D'Addabbo v. Obama et al
MEMORANDUM DECISION granting 13 Motion to Dismiss ; granting 15 Motion to Dismiss for Failure to State a Claim ; denying 4 Motion for Protective Order ; denying 16 Motion for Service of Process. Signed by Judge Robert J. Shelby on 04/16/2013. (asp)
IN THE UNITED STATES DISTRICT COURT FOR THE DISTRICT OF UTAH
DAVID J. D’ADDABBO,
PRESIDENT BARACK OBAMA,
INTERNAL REVENUE SERVICE, and
STATE OF UTAH,
Case No. 1:12-cv-252
There are a number of motions currently pending in the above-captioned matter. First,
Plaintiff David J. D’Addabbo moves the court to enter a protective order against the Defendants
(Dkt. No. 4) and to effect service on them (Dkt. No. 16). Second, the State of Utah moves the
court to dismiss this action (Dkt. No. 13). Finally, President Barack Obama and the Internal
Revenue Service (the Federal Defendants) move the court to quash the summons issued against
them and to dismiss the case for failure to state a claim (Dkt. No. 15). For the reasons stated
below, the Plaintiff’s motions are DENIED and the Defendants’ motions are GRANTED.
Mr. D’Addabbo’s Complaint is somewhat difficult to understand, but it appears that Mr.
D’Addabbo asserts civil rights violations under 42 U.S.C. § 1983 and § 1985 as well as other
federal statutes. Among other alleged harms, Mr. D’Addabbo argues that he was not adequately
compensated after a workplace accident, that he was arrested and forced to plead to false charges,
that he was falsely judged to be a felon and that his wife was not allowed to claim him as a
dependant for tax purposes. Mr. D’Addabbo requests $153 million in damages and seeks $2
trillion in additional damages for the American people at large.
The court is not deciding the merit of Mr. D’Addabbo’s claims, and perhaps with the
benefit of legal counsel he may be able bring his grievances in an appropriate action. But here,
Mr. D’Addabbo has sued Defendants who are entitled to the protections of sovereign immunity.
Accordingly, his claims must be dismissed.
The Eleventh Amendment bars claims against a state unless that state has waived
immunity. See Will v. Mich. Dep’t of State Police, 491 U.S. 58, 65-66 (1989). Since the State of
Utah has not waived immunity for civil rights suits, see Utah Code Ann. § 63g-7-101 et seq.
(2010), the Eleventh Amendment bars Mr. D’Addabbo’s suit against the State of Utah.
Similarly, Congress has not waved sovereign immunity for claims against the United States or its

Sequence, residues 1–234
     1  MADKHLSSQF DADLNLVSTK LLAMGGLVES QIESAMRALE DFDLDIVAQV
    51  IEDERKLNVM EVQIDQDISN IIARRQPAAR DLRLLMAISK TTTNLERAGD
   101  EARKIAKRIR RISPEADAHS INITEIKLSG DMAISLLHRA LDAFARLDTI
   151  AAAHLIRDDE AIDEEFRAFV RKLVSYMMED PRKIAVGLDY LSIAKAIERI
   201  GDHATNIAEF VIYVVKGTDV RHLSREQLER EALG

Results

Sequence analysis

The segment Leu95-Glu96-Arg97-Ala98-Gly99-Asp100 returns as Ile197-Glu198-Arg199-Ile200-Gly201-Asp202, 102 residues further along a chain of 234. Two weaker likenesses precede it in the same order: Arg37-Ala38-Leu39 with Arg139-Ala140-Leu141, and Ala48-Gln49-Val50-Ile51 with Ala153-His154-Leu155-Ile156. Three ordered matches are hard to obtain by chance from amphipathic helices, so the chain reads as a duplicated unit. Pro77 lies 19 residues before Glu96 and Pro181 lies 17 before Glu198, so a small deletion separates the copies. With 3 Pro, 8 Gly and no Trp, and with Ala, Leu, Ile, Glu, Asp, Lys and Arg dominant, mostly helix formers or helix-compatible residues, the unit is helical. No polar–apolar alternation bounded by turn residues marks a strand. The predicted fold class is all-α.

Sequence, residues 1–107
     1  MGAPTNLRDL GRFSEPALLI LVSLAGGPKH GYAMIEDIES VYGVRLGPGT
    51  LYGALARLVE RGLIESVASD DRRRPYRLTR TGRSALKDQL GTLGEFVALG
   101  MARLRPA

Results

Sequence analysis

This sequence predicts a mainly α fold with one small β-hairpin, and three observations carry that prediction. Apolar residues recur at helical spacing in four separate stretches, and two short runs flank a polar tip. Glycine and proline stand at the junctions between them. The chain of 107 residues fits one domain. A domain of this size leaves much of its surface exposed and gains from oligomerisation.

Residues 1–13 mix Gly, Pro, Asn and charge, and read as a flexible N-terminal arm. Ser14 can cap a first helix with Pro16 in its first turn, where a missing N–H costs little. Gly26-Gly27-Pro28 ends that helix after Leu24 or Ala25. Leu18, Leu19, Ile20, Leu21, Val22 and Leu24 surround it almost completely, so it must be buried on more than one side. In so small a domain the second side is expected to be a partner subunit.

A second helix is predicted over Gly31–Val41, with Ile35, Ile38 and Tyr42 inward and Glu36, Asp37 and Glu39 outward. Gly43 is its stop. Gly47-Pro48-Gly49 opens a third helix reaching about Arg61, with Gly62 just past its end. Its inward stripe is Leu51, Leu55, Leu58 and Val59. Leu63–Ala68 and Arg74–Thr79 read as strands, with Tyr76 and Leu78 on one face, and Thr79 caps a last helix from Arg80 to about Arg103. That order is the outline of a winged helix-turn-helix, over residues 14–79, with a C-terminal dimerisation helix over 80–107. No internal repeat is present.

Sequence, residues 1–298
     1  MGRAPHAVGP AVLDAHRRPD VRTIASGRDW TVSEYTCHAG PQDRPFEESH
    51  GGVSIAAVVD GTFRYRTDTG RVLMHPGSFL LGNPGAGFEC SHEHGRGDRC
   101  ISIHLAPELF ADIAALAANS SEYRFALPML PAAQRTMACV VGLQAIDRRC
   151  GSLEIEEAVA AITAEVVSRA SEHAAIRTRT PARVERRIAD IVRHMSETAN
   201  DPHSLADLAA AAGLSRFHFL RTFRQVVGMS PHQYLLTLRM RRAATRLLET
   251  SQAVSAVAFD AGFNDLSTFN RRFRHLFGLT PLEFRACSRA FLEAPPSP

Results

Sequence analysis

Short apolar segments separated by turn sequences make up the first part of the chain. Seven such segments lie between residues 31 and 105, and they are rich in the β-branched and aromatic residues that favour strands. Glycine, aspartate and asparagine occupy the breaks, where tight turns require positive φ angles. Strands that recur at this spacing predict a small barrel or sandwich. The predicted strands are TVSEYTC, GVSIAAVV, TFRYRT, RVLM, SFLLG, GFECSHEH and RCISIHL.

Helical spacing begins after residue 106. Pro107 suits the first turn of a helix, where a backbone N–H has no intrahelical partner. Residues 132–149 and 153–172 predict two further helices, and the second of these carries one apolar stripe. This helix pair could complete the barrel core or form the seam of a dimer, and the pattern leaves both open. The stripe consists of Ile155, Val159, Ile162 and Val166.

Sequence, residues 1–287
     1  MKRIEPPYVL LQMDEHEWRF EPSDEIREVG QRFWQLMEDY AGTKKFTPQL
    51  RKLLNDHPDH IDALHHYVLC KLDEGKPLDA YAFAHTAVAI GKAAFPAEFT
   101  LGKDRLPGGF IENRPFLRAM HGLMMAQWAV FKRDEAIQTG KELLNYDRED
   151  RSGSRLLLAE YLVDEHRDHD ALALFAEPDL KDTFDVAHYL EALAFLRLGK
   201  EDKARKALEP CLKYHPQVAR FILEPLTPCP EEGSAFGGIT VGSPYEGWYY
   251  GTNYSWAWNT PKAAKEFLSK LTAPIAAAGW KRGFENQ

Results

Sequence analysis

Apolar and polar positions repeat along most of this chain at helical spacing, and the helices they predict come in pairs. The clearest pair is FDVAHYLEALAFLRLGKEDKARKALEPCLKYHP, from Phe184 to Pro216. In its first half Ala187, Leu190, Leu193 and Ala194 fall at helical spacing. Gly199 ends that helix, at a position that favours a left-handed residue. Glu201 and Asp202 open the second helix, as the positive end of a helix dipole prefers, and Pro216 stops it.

agencies and officers under either 42 U.S.C. § 1983 or § 1985. See, e.g., Jones v. Nat’l Commc’n
& Surveillance Networks, 409 F. Supp. 2d 456, 466 (S.D.N.Y. 2006). In any event, 42 U.S.C.
§ 1983 applies to actions made under color of state law and is inapplicable to federal agencies.
As a result, Mr. D’Addabbo may not maintain his action against the IRS. Finally, Mr.
D’Addabbo’s action against President Obama is barred because the President of the United States
is absolutely immune for all civil claims against him arising out of his official acts as President.
Nixon v. Fitzgerald, 457 U.S. 731, 749-58 (1982).
The court agrees with the State of Utah and the Federal Defendants that Mr. D’Addabbo
failed to properly serve a summons on them according to the requirements listed in Rule 4 of the
Federal Rules of Civil Procedure since the summons was not signed by the Clerk of the Court
and did not bear the court’s seal. While the court would normally allow a pro se plaintiff the
opportunity to attempt proper service,1 the court finds there is no reason to do so here since the
court dismisses the action on the grounds that all the Defendants are immune from suit for these
types of claims.
For the reasons stated above, the Defendants’ Motions to Dismiss (Dkt. Nos. 13 & 15) are
GRANTED. Mr. D’Addabbo’s Motion for a Protective Order and Motion for Service of Process
(Dkt. Nos. 4 & 16) are DENIED. The court orders the Clerk of the Court to close the case.
SO ORDERED this 16th day of April, 2013.
BY THE COURT:
ROBERT J. SHELBY
United States District Judge
The court notes that it has already granted Mr. D’Addabbo a second chance to obtain
proper service on the State of Utah (see Dkt. No. 7).
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